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March 23, 1994

Paying Medical Bills in the United StatesWhy Health Insurance Isn't Enough

Author Affiliations

From the Department of Health Policy and Management, Harvard School of Public Health, Boston, Mass (Dr Blendon and Ms Donelan), National Opinion Research Center, University of Chicago (III) (Messrs Hill and Carter), and the Henry J. Kaiser Family Foundation, Menlo Park, Calif (Mr Beatrice and Dr Altman).

JAMA. 1994;271(12):949-951. doi:10.1001/jama.1994.03510360075042

IN THE COURSE of our nation's debate about health system reform, the discussion has frequently centered on the 38.9 million Americans who have no health insurance,1 and the insecurity of millions more about their ability to maintain existing coverage in a time when health insurance and health care services costs are increasing rapidly. Indeed, a national survey of Americans conducted in the week following President Clinton's address about health care reform to Congress and the nation, 48% said the cost was their greatest concern about their health insurance, and 21% said they feared losing coverage or benefits.2 In the same survey, one in five Americans (21%) indicated that their greatest concerns about health insurance coverage were related to the inadequacy of benefits they have, including gaps in coverage and lack of catastrophic or stop-loss provisions.2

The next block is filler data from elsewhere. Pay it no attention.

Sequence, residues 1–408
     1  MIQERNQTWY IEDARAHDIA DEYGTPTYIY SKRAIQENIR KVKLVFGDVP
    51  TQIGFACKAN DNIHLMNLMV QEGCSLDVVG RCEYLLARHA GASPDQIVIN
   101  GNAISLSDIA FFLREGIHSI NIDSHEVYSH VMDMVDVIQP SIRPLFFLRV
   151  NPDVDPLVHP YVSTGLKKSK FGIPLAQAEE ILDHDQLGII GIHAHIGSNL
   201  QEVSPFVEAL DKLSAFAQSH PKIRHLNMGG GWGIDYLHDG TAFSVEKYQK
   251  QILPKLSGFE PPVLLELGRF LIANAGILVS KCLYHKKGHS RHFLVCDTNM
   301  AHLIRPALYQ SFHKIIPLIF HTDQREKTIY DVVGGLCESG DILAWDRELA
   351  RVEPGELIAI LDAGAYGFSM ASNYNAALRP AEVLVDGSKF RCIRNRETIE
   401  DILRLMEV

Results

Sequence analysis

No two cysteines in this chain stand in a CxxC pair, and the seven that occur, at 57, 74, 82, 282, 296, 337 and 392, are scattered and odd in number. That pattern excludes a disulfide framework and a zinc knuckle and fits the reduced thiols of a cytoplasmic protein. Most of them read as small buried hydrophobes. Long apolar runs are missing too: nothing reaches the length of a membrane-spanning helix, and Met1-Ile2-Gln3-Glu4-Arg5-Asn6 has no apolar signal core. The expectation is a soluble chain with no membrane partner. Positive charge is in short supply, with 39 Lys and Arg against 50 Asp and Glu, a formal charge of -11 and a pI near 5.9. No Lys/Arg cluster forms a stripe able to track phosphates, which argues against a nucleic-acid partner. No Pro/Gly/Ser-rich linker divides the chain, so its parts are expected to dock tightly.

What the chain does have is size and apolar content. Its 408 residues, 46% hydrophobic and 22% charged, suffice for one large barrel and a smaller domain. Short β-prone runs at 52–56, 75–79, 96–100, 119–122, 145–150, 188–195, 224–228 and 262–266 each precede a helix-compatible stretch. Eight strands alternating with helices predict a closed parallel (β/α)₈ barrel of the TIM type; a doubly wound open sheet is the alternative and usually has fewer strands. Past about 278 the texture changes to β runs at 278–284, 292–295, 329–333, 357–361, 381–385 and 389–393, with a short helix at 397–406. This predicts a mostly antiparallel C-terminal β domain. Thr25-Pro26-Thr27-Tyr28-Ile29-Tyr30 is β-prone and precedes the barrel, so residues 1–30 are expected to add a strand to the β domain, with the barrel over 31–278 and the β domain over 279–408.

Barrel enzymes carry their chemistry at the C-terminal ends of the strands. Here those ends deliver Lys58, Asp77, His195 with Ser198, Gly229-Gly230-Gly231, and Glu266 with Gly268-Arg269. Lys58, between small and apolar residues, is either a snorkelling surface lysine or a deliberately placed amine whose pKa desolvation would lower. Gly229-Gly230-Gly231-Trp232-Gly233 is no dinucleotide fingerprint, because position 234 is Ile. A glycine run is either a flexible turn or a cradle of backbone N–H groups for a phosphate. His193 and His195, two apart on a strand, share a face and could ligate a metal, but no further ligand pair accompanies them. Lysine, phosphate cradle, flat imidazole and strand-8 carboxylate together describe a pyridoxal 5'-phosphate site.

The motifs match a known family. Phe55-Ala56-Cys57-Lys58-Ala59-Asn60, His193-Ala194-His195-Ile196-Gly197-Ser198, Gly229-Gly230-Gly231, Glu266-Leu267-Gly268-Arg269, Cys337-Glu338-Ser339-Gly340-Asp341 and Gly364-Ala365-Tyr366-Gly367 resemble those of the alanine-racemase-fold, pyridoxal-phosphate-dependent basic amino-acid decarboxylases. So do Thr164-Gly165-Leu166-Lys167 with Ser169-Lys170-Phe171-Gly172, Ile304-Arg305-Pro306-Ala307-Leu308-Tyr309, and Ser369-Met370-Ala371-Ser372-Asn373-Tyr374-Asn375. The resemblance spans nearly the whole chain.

These kind of data are somewhat frustrating for those concerned about the health care reform debate because they provide measures of who is theoretically at risk for financial catastrophe—people without insurance, without adequate insurance, or concerned about the costs of medical care and health insurance—without providing concrete information about who has actually experienced difficulty paying medical bills. We have read the tragic stories of such individuals in newspapers and heard them presented to the Clintons in several health care forums, but we have yet to see detailed data about how many people in the United States are struggling to pay bills, and who they are.

In this article, we use data from a recent national household survey of Americans to look directly, rather than at proxy measures, at who reports actual problems paying medical bills. We examine the insurance status of people in this group and, in addition, ask what other financial stresses they face and how they cope with the realities of illness and disability in their households.